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Is monkeypox worse in children? How severe is virus among kids, how many cases in UK, and symptoms explained

Monkeypox cases in the UK are continuing to rise, with close contacts of confirmed cases advised to isolate for three weeks

There are currently 452 confirmed cases of monkeypox in England, 12 in Scotland, 2 in Northern Ireland and 4 in Wales, the UK Health Security Agency (UKHSA) has said.

The UKHSA also announced that monkeypox is to be listed as a notifiable disease in law from 8 June 2022.

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This means all doctors in England are required to notify their local council or local Health Protection Team (HPT) if they suspect a patient has monkeypox.

Laboratories must also notify the UKHSA if the monkeypox virus is identified in a laboratory sample.

A rash usually begins one to five days after the first monkeypox symptoms appear

But is monkeypox worse in children than adults?

Here’s what you need to know.

What are the symptoms of monkeypox?

The illness begins with:

  • high temperature
  • headache
  • muscle aches
  • backache
  • swollen glands
  • chills
  • exhaustion

A rash then usually begins one to five days after the first symptoms appear. The spots often start on the face before spreading to other parts of the body.

During the illness, the rash then changes from raised red bumps, to spots filled with fluid, with the spots eventually forming scabs which later fall off.

Is monkeypox worse in children?

Martin Michaelis, professor of molecular medicine at the University of Kent, said monkeypox could present a greater risk to children as children are “particularly vulnerable to this disease and have not been vaccinated against smallpox”.

This is echoed by Hussain Abdeh, clinical director and superintendent pharmacist at Medicine Direct, who said more severe cases of monkeypox often affect children.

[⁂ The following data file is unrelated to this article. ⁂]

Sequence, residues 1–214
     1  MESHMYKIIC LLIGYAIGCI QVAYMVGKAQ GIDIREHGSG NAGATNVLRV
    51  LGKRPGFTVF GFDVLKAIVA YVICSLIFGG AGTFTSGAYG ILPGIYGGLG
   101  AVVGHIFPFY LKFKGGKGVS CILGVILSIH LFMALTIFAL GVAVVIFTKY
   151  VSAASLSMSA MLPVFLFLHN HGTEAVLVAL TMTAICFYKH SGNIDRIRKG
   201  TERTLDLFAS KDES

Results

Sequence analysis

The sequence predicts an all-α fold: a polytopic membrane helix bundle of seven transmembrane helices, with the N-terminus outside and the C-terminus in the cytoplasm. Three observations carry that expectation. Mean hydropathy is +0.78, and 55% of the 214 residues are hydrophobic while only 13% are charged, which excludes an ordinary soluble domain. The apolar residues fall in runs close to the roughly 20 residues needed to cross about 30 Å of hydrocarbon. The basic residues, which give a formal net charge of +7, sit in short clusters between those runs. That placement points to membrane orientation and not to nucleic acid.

However, he added that the severe cases in children are to do with how long they were exposed to the virus and how healthy the child was before catching it.

People with immune systems that are weaker than average are also at a higher risk.

He added that it has also been suggested people under the age of 40 might be more susceptible to this condition “due to having not been vaccinated against smallpox”, but this depends on the country.

Mr Abdeh said that although the fatality rate of monkeypox was generally higher in children, it is important to bear in mind that the fatality rate of monkeypox is “generally low”, even in areas where the condition is more severe.

The fatality ratio has been around 3-6% in recent times.

However, Mr Abdeh added that in the UK, monkeypox is not normally a serious problem and will usually go away within a few weeks with treatment.

Researchers who have been looking into the current monkeypox outbreak, as well as past cases of the disease, have also said the virus is rare in children.

Dr David Porter, paediatric infectious diseases consultant, Alder Hey Children’s NHS Foundation Trust, said: “As a parent with a child that might develop a rash, I don’t think parents should be worried about this being…monkeypox at this stage, because we’re seeing a very low number of cases.

“And in all the previous outbreaks that have occurred outside of Africa over the last few years, we’ve seen very rare numbers of cases in children, so it’s been predominantly in adults anyway.”

He added that if children have a rash and no contact history with someone who has had monkeypox, parents and carers should be reassured and follow what they normally do.